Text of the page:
Exercise and the immune system: regulation, integration, and adaptation.
- Medicine, BiologyPhysiological reviews
Con considerations of the clinical ramifications of exercise in the prevention of diseases for which the immune system has a role is of importance, and the interactions between exercise and infectious diseases as well as exercise and neoplasia within the context of both aging and nutrition are addressed.
Exercise and Hormesis
- BiologyAnnals of the New York Academy of Sciences
It is suggested that ROS may serve as messenger molecules to activate adaptive responses through these redox‐sensitive signaling pathways to maintain cellular oxidant‐antioxidant homeostasis during exercise.
Exercise training-induced alterations in skeletal muscle antioxidant capacity: a brief review.
- BiologyMedicine and science in sports and exercise
The effects of chronic exercise on the up-regulation of both antioxidant enzymes and the glutathione antioxidant defense system are discussed and it seems plausible that increased cellular concentrations of these antioxidants will reduce the risk of cellular injury, improve performance, and delay muscle fatigue.
Energy intake, meal frequency, and health: a neurobiological perspective.
- Medicine, BiologyAnnual review of nutrition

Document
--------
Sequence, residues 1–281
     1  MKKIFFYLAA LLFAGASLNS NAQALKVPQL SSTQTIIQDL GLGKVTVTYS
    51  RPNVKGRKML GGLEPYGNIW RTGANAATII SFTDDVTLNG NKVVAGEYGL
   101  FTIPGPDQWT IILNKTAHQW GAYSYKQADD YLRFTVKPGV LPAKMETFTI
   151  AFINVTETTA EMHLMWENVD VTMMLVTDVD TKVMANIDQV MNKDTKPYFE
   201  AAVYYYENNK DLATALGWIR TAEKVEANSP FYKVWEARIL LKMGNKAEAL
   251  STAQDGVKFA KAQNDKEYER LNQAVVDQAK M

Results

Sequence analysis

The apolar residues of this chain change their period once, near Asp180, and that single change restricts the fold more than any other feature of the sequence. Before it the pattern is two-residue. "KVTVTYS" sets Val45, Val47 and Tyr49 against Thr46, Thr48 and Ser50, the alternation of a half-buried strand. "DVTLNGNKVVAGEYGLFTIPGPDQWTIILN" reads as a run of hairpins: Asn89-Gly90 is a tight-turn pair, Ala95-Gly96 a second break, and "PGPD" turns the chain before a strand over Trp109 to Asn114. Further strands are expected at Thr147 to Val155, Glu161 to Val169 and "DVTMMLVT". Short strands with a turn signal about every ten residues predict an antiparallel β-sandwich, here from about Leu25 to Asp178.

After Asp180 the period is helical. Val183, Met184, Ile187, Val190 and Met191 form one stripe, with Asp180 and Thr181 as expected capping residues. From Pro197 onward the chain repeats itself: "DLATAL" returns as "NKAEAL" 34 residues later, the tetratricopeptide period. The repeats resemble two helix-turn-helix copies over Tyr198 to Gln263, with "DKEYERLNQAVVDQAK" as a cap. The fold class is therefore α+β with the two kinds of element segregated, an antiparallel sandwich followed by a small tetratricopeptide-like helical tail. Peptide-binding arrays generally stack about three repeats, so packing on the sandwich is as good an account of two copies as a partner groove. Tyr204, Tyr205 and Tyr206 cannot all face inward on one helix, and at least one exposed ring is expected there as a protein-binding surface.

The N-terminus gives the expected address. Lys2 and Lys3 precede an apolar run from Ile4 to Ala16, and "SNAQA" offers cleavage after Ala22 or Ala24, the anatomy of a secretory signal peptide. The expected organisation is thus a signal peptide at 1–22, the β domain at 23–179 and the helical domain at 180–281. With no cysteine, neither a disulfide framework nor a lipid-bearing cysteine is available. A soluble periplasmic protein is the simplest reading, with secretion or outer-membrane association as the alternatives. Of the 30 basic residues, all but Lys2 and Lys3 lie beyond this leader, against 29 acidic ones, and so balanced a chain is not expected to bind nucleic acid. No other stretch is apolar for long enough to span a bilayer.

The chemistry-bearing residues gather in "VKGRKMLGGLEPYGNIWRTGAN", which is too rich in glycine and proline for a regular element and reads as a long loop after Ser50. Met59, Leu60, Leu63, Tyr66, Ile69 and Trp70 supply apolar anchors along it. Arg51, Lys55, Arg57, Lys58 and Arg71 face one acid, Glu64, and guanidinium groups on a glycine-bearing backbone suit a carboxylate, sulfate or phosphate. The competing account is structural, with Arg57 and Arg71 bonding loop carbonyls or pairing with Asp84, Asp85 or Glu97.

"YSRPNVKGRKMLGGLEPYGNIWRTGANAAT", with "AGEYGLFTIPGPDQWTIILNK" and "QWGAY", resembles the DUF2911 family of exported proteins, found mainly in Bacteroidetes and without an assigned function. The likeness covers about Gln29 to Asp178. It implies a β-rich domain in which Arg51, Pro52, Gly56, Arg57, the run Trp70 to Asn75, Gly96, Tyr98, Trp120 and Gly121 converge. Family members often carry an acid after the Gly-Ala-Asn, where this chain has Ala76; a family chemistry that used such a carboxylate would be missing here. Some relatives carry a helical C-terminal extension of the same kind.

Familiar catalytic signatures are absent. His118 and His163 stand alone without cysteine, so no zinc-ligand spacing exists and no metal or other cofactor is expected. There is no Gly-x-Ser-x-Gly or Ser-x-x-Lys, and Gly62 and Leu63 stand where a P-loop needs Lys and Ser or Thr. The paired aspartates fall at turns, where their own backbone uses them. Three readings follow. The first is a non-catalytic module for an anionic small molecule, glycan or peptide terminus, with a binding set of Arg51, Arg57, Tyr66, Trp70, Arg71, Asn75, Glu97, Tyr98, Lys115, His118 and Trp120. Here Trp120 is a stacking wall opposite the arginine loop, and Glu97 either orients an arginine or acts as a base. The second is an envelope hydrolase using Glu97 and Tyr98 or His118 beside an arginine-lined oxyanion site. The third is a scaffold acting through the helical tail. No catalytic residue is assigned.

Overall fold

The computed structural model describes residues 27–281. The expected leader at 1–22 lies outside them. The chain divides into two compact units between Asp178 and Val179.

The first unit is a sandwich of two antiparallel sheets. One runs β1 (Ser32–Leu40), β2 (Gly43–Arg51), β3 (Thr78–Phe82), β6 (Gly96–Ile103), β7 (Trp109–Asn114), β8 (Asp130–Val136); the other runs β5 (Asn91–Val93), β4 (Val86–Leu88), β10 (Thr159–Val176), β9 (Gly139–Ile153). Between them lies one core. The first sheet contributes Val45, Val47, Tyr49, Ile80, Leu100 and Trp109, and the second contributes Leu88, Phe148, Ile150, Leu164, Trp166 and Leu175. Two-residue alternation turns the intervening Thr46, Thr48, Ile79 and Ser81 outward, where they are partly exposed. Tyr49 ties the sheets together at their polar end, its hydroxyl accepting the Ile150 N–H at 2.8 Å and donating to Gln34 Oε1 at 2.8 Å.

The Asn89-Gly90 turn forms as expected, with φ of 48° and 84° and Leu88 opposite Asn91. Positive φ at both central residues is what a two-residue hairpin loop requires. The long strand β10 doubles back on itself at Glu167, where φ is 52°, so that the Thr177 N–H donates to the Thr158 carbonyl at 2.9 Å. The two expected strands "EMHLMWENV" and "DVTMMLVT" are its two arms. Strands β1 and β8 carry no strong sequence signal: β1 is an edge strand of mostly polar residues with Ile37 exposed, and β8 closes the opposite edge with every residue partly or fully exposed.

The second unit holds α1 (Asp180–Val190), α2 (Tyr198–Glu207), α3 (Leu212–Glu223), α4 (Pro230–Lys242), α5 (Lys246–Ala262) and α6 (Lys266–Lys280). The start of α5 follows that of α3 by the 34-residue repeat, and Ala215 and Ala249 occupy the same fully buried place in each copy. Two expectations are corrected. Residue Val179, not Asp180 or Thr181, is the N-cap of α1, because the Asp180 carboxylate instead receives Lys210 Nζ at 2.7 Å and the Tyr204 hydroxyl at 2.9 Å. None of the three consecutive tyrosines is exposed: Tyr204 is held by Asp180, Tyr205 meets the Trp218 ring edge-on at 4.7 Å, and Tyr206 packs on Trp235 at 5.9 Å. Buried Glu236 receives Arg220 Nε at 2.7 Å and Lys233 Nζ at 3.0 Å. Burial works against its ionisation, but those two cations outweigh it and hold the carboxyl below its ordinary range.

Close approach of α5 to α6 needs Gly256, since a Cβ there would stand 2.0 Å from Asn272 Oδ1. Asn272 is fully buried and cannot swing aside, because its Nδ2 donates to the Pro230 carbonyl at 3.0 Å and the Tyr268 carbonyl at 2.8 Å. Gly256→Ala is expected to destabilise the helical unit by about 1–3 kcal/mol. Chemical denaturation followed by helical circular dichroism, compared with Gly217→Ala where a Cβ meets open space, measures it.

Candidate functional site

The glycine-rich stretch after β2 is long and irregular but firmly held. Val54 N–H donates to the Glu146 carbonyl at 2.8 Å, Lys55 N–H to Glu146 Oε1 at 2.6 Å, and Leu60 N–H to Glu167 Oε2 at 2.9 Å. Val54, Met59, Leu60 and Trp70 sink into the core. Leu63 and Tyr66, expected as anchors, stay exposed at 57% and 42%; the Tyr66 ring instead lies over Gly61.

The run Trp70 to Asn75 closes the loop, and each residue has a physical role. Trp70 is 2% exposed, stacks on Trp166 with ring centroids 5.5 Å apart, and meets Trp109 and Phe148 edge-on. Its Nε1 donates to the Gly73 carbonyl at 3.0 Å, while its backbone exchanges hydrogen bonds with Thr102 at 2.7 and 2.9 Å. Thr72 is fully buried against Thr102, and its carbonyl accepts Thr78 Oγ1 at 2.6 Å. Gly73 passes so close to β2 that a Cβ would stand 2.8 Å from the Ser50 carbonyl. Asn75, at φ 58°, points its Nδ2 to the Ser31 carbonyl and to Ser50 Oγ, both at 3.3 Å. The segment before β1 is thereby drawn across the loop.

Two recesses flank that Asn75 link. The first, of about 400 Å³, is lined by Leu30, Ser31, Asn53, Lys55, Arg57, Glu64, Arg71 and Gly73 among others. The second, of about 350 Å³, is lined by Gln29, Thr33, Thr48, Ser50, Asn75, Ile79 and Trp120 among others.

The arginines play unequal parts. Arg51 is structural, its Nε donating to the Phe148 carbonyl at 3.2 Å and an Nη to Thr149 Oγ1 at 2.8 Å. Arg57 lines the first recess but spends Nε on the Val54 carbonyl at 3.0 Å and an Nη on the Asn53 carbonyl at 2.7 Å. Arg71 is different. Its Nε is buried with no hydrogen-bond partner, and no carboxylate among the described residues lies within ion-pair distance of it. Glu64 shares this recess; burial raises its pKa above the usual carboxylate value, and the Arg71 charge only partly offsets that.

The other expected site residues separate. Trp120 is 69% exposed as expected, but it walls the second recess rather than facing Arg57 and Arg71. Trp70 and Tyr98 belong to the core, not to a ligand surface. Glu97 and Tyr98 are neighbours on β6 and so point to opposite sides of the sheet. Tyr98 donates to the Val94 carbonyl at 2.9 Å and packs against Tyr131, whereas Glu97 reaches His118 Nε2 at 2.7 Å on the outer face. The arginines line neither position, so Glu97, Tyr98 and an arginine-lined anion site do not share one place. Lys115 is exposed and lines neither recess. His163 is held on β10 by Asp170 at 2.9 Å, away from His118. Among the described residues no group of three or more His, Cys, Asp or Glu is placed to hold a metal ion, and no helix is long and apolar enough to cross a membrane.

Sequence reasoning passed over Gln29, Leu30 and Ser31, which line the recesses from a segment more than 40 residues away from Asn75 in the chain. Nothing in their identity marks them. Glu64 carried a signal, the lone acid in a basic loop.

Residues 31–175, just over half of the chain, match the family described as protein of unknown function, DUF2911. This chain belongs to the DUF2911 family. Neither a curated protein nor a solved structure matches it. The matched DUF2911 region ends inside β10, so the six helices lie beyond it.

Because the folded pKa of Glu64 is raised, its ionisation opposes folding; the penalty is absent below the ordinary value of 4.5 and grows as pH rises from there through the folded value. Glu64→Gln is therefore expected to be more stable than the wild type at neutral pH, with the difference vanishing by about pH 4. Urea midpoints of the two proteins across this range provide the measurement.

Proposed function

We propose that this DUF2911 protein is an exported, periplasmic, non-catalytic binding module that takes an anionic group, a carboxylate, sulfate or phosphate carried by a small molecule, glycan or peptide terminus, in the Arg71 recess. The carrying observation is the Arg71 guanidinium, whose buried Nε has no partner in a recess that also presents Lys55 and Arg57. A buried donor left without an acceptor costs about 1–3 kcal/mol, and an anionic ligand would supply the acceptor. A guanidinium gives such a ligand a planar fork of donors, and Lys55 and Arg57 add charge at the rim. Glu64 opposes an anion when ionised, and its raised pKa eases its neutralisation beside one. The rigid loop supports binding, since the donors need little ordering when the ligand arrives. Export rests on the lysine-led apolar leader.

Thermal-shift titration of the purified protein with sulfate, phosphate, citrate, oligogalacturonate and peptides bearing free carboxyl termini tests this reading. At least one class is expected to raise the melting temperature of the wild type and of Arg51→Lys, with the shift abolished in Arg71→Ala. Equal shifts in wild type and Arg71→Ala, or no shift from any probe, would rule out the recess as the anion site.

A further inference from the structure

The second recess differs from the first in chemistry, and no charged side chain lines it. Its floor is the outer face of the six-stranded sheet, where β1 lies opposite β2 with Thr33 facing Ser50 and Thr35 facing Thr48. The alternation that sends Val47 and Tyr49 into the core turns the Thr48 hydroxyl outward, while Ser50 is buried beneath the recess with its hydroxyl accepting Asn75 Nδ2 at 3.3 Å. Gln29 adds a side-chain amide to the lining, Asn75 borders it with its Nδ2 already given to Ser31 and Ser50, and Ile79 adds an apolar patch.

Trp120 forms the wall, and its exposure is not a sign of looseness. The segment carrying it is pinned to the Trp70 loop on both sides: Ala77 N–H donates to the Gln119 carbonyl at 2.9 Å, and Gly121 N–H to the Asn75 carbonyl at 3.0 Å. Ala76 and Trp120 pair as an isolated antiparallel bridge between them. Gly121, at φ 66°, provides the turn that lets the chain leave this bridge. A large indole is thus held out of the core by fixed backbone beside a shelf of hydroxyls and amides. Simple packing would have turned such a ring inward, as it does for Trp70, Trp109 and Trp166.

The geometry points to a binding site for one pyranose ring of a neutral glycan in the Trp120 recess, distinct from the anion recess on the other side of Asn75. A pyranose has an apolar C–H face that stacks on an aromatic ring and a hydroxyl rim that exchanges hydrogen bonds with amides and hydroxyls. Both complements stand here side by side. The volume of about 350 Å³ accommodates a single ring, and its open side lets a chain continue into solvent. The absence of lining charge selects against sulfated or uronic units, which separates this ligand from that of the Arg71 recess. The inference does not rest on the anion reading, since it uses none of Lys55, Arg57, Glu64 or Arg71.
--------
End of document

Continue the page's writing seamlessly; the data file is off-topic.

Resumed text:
A better understanding of the neurobiological mechanisms by which meal size and frequency affect human health may lead to novel approaches for disease prevention and treatment.
Oxidative stress in marathon runners: interest of antioxidant supplementation
- BiologyBritish Journal of Nutrition
It is found that exercise causes an increase in the activity of plasma xanthine oxidase and an activation of NF-κB in peripheral blood lymphocytes after marathon running and evidence in man is reported that reactive oxygen species act as signals in exercise as decreasing their formation prevents activation of important signalling pathways which can cause useful adaptations in cells.
Decreasing xanthine oxidase‐mediated oxidative stress prevents useful cellular adaptations to exercise in rats
- BiologyThe Journal of physiology
Evidence is reported that decreasing RONS formation prevents activation of important signalling pathways, predominantly the MAPK–NF‐κB pathway; consequently the practice of taking antioxidants before exercise may have to be re‐evaluated.